Some of the concepts of the Science of Information can be phrased in terms of game theory, in which there is a matrix system, with a protagonist and an antagonist who have stochastic strategies. In a game, a (potentially large) matrix of outcomes is given. Each row corresponds to a strategy of one player, and each column corresponds to a strategy of the other player. The two players choose randomized strategies to achieve their goals. Game theory is rich with connections to linear programming. Applications of the basics concepts of game theory are found in many areas related to the Science of Information.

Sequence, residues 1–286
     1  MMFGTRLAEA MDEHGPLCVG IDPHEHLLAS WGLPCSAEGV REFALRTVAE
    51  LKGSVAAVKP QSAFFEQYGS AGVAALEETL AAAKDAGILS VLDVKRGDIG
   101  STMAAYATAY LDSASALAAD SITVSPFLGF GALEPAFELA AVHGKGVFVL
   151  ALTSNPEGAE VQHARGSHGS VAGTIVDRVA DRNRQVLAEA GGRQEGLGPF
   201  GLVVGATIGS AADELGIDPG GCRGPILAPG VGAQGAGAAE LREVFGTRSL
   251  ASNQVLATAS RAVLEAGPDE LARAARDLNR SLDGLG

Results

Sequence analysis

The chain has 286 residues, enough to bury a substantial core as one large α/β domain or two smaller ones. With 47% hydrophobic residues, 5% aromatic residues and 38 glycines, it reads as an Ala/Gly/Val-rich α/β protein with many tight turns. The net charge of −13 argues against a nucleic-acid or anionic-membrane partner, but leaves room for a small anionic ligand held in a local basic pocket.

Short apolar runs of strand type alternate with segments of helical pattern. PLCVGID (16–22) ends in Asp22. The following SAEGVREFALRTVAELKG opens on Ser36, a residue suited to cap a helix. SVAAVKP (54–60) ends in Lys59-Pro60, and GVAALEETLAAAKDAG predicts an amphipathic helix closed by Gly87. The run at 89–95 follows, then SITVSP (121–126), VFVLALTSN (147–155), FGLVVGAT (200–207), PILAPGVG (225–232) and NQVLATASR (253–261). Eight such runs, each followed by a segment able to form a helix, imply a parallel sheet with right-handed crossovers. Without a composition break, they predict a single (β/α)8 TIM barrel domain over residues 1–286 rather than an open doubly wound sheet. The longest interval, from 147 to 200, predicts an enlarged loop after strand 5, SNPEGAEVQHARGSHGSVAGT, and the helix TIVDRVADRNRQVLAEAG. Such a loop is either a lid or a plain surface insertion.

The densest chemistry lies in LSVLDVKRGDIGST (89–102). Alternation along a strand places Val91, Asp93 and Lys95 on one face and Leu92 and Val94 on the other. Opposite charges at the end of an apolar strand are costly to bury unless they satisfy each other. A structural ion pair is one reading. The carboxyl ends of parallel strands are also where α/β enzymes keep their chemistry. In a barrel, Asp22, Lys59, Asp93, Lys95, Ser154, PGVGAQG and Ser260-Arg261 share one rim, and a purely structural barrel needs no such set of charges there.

If time permits, we will also give an introduction to combinatorial game theory, in which the winner of the game can be known from the beginning, and thus the combinatorial structure of the game (often viewed as a graph) is of key importance.
***No background is necessary. The level of presentation should be suitable for any graduate students and even for advanced undergraduate students.